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The Carthage Press
  • Cooper’s Troopers to march in Walk for Autism Awareness

  • Walking in the Northpark Mall is something that some people do for exercise, but a group of people will be walking for more than exercise this weekend.


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  • Walking in the Northpark Mall is something that some people do for exercise, but a group of people will be walking for more than exercise this weekend.

    Cooper’s Troopers, a team made up of Cooper Hestand, 4; mom Hannah Kaufmann; dad Mike Hestand; brother Brady Hestand and sister Gracie Hestand; other family and friends will be among the dozens of walkers at the fifth annual Walk for Autism Awareness, a fundraiser for the Freeman Health System’s Ozark Center for Autism.

    The event starts at 7 a.m. Saturday with registration at the Northpark Mall’s J.C. Penny Court. Walking starts at 8 a.m.

    The Center, which has been around for more than five years, provides specialized therapy for children diagnosed with disorders on the autism spectrum.

    Cooper’s mom, Hannah Kaufmann, Joplin, said Cooper, who was diagnosed with autism about two years ago, has made great strides since starting to attend the Center in September, 2011.

    “Cooper has a team called Cooper’s Troopers,” Hannah Kaufmann said. “We have friends, we have family members, he has little bracelets that he’s selling for the Walk. All the donations will go directly to the school.”

     

    A little loner

    Two years ago, Cooper Hestand should have been entering his “terrible twos,” a time when small children who have learned to walk and are learning to talk start testing their boundaries.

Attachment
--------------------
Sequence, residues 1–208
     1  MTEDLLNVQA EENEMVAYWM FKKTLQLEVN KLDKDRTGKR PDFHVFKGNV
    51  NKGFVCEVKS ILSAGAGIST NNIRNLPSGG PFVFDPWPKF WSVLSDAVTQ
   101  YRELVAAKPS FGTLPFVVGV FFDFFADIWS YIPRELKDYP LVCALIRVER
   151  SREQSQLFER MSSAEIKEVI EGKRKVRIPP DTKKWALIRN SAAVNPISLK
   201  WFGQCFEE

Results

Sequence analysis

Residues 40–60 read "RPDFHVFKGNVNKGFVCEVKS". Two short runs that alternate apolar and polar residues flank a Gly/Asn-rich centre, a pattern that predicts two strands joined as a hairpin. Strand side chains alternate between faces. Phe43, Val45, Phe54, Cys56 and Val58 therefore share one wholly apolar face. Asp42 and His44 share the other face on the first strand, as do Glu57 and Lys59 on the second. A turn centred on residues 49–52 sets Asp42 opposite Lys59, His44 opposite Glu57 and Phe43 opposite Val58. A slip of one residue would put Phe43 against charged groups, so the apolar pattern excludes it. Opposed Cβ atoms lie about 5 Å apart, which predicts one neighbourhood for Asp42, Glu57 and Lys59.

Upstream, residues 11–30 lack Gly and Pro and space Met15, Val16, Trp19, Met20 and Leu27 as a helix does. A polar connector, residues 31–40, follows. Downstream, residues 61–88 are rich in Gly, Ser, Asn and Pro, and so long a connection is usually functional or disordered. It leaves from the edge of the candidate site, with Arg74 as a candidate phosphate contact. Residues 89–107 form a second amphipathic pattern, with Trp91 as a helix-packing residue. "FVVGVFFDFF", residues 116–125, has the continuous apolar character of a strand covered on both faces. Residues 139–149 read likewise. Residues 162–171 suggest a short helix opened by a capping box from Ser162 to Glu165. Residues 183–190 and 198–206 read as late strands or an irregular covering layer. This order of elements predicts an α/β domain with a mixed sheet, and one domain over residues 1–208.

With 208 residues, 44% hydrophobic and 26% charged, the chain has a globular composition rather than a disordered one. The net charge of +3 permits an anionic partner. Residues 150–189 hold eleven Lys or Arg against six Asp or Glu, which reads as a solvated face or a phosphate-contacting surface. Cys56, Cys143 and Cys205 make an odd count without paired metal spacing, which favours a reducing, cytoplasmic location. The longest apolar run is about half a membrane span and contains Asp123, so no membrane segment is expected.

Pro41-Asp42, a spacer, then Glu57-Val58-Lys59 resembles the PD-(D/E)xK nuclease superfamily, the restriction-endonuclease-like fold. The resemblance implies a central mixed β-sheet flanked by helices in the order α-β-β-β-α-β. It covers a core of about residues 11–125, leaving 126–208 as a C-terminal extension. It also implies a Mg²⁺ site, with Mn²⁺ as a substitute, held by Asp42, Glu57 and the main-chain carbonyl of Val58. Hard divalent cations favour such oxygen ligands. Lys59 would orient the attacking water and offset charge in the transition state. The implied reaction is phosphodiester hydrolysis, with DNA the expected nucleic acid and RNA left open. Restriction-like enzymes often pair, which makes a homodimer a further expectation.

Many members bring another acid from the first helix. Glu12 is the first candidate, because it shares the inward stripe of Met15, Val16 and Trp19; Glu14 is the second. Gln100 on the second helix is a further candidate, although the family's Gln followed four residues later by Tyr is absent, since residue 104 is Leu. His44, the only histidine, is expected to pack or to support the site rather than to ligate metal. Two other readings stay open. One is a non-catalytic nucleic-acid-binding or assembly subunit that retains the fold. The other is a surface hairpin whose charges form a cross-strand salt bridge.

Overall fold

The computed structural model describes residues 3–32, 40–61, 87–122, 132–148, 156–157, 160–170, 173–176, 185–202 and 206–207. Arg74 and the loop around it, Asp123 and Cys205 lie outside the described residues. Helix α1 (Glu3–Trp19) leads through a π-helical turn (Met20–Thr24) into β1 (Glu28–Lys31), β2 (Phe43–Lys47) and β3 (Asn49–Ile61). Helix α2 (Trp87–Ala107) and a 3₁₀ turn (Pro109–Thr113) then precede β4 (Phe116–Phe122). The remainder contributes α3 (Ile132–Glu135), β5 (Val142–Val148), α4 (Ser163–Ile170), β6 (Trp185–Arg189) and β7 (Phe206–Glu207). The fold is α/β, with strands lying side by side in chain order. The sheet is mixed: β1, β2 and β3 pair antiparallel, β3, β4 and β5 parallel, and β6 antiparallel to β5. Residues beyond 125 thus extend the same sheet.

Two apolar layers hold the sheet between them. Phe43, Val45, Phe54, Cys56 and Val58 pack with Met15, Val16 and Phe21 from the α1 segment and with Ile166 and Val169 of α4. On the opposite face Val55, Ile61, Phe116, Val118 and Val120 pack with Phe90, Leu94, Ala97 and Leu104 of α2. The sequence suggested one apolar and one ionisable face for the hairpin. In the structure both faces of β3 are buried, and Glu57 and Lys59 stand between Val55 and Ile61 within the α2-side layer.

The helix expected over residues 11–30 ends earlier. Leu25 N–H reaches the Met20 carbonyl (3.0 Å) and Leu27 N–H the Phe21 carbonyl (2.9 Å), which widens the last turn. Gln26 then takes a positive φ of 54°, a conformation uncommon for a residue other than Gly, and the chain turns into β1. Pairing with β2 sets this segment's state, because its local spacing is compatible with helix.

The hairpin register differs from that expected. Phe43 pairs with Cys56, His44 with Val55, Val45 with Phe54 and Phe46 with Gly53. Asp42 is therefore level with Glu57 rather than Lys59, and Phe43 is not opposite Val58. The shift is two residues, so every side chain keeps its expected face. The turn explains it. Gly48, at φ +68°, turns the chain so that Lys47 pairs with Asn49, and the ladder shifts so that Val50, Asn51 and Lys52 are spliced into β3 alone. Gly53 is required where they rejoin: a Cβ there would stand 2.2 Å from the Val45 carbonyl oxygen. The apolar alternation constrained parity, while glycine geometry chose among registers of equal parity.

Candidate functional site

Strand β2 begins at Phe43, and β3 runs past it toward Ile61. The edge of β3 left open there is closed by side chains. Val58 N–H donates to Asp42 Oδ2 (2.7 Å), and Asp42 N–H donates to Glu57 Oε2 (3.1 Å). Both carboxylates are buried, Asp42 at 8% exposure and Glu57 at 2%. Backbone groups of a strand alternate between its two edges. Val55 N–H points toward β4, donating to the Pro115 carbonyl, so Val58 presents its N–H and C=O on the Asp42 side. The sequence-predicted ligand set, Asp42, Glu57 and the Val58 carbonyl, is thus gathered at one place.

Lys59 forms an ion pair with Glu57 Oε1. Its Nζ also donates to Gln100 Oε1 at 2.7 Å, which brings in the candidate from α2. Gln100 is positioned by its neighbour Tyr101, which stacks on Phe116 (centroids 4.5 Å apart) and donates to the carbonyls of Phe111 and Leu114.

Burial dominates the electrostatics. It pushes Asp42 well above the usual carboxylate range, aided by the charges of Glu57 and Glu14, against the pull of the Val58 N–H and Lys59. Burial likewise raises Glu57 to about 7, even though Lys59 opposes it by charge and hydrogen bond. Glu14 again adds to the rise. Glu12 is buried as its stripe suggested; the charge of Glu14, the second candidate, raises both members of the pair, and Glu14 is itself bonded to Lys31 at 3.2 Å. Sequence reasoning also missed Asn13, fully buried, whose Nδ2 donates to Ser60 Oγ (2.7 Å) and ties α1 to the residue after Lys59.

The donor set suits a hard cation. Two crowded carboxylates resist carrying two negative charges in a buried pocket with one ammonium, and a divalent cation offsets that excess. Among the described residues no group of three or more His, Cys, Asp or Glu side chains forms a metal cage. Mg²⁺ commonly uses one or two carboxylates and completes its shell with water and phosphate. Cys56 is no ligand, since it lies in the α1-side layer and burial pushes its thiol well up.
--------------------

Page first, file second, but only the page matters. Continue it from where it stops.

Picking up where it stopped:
Cooper’s mom, Hannah Kaufmann, Joplin, said Cooper was doing none of that. He couldn’t talk, he couldn’t walk and potty training, a right of passage for many children, was just a dream.

    “He was just kind of a little loner,” Hannah Kaufmann said. “He didn’t have any little friends and he didn’t have any interaction with other kids.”

    And the family was getting no answers from their pediatrician.

    “His first original pediatrician she denied Cooper had any developmental disorder,” Hanna Kaufmann said. “She said he was just a stubborn little boy with a speech delay and she wouldn’t seek anything beyond that. That was her diagnosis and there was nothing else. Whenever we switched pediatricians, the new doctor sent him to a specialist immediately and he was diagnosed immediately.”

    Cooper was diagnosed with pervasive developmental disorders, nonverbal autistic.

    This meant the family finally had some idea of what they were dealing with, but how to deal with it was still a monumental challenge.

    The autism diagnosis in general, it was a complete shock, it was horrible,” Hannah Kaufmann said. “It took at least a year for it to sink in, but now that we’ve educated ourselves on the disorder and the diagnosis, he’s just growing so well and learning so much better now. He’s been in a couple of other schools before the Ozark Center and he had no progress at any of those schools.”

     

    A new beginning

    The family knew it would take specialized education techniques to let Cooper have any chance at a normal life, and time was running out.

    Hannah Kaufmann research autism on the internet and knew the earlier they could begin therapy, the better chance Cooper had of learning to lead something close to a normal life.

    The family was introduced to Applied Behavioral Analysis Therapy when a specialist from Freeman Health System worked with Cooper for about six months at his pre-school, so they applied for the Ozark Center for Autism.

    Cooper was accepted in September 2011 and Hannah Kaufmann said the change has been exceptional.

    “Since he’s been at the Center, everything has changed dramatically, including the way he is at home,” Hannah Kaufmann said. “Two weeks ago he started verbally talking at the school. He has five words right now, and he didn’t have any before. It’s been amazing. It’s the sweetest sound in the world to hear him talk. He’s growing leaps and bounds with interacting with kids and it’s showing at home with the way he interacts with his brother and sister. It’s completely different now. He plays with the other kids. Everything is better.”

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